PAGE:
Myth 3: We're missing too many fossils for evolution to be true.

Scientists have found countless fossils ranging back billions of years, and this relative abundance makes gaps in the fossil record seem like much bigger red flags than they actually are. In reality, it's incredibly hard to make a fossil and the odds of it happening are pretty low.

For an animal or plant to become a fossil, they must first ensure that they're dying in the right place. For bony animals, they'd want to shoot for nice, soft sediment which would provide the minerals necessary to turn bones into fossils over the course of thousands of years. Getting encased by ice is also a good choice, as it would protect the body and allow for mummification to happen. They also need to hope that their remains aren't eaten or heavily trampled, otherwise they can kiss their chances of being recognized by future paleontologists goodbye.

There are some species that we will never know about simply because they weren't fortunate enough to die correctly in order to be fossilized. Because fossilization is so difficult, it's pretty astounding we've been able to find and understand as much as we have. When gaps in the record do occur, the rational choice is to acknowledge that fossils are tricky to make, not to discount all of evolution entirely.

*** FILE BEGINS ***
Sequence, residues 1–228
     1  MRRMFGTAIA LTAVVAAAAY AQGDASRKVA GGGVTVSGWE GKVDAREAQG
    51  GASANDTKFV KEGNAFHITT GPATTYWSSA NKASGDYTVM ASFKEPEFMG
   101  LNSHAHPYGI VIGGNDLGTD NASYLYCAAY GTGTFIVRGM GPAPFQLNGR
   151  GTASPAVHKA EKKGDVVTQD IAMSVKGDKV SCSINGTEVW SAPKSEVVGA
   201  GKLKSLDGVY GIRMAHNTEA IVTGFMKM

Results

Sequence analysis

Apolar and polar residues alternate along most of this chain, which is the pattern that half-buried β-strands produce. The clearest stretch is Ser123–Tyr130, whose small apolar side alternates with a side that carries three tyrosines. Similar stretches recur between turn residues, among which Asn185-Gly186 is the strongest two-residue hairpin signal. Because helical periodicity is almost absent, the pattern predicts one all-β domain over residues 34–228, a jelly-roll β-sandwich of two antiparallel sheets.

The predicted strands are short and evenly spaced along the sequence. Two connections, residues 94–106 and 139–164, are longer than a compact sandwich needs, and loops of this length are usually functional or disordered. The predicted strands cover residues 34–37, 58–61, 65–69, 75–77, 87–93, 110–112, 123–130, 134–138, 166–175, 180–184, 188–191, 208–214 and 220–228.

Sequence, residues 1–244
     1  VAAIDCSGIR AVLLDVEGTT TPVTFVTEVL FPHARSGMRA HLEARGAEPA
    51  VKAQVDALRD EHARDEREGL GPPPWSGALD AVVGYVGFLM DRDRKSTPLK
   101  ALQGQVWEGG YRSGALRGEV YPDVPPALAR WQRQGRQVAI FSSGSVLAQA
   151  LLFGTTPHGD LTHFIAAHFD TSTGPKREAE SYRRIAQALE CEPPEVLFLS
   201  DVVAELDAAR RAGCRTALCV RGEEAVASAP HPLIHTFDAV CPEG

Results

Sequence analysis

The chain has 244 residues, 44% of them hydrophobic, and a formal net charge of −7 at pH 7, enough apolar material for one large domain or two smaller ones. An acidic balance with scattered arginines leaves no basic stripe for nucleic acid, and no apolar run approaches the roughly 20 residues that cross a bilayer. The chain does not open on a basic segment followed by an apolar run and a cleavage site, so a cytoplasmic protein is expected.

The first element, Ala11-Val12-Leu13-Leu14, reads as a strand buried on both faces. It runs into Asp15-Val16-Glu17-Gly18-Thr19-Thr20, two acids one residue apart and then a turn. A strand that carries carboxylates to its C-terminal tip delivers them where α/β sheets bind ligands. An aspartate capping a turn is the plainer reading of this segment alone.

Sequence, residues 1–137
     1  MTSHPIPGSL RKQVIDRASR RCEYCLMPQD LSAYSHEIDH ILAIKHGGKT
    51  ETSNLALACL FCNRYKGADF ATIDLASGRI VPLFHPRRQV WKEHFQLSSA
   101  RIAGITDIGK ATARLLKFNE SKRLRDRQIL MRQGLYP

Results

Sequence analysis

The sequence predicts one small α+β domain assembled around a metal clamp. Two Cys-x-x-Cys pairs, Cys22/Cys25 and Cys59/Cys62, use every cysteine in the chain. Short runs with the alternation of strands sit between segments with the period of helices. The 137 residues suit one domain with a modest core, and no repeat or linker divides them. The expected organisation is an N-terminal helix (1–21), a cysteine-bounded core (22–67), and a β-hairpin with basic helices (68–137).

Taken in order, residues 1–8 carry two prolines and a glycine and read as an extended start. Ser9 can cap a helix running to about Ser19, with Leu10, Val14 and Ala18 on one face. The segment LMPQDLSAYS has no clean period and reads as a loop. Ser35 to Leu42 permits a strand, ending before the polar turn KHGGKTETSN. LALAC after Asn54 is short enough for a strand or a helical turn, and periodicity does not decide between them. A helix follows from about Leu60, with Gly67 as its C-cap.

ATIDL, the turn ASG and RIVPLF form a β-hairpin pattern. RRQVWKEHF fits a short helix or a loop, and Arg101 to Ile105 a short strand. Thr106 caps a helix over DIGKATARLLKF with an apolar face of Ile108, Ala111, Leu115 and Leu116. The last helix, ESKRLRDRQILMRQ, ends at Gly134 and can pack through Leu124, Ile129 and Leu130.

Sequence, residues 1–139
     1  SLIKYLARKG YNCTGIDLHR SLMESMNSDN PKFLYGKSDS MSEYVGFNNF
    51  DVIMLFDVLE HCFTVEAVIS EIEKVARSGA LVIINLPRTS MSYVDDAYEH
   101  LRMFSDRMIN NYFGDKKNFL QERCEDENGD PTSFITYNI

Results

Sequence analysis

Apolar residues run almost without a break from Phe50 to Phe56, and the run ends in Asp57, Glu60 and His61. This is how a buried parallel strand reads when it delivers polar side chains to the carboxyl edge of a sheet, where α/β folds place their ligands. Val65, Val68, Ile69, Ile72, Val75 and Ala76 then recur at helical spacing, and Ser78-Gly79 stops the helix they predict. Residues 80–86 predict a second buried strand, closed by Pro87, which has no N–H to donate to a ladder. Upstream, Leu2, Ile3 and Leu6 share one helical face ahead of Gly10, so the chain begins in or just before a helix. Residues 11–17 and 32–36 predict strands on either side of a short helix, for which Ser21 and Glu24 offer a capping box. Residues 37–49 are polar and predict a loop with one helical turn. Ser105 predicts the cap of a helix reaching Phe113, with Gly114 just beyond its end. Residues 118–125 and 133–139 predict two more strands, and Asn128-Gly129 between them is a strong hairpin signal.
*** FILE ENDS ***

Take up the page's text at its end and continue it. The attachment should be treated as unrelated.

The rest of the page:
Myth 4: Evolution can't account for morality.

Those who believe life was created by a higher power insist that if evolution is true, there's no reason for anyone to have morals and not just steal and kill indiscriminately. 

Humans are social animals and our complex societies demand that we play well with others. If we take what isn't ours, exploit the efforts of others, or harm others for no reason, we can't develop the level of trust that we need to in order for things to run smoothly. 

Sure, there are plenty of people who commit crimes and do the wrong thing. That's why we developed laws and courts in order to make sure that there was a way of punishing those misdeeds, but other social species like elephants and gorillas do the same thing and will punish or drive out those who don't play by the rules.

We're not moral because we're trying to score brownie points for the afterlife; we're moral because our species depends on it.

The final word:

Evolution is a complex phenomenon, and it's understandable that some people find it confusing, particularly if they haven't spent much time learning about it. The solution, then, is more education — not less.

Certain school districts either skip teaching evolution altogether or frame the lessons in a way that makes it seem like evolution is a dangerous idea and one that shouldn't be accepted, with some even putting warning labels on biology textbooks. This nonsense robs students of their right to a proper education and should not be allowed to continue.

As the Orthodox Chrisitan Theodosius Dobzhansky once wrote, "Nothing in biology makes sense except in the light of evolution."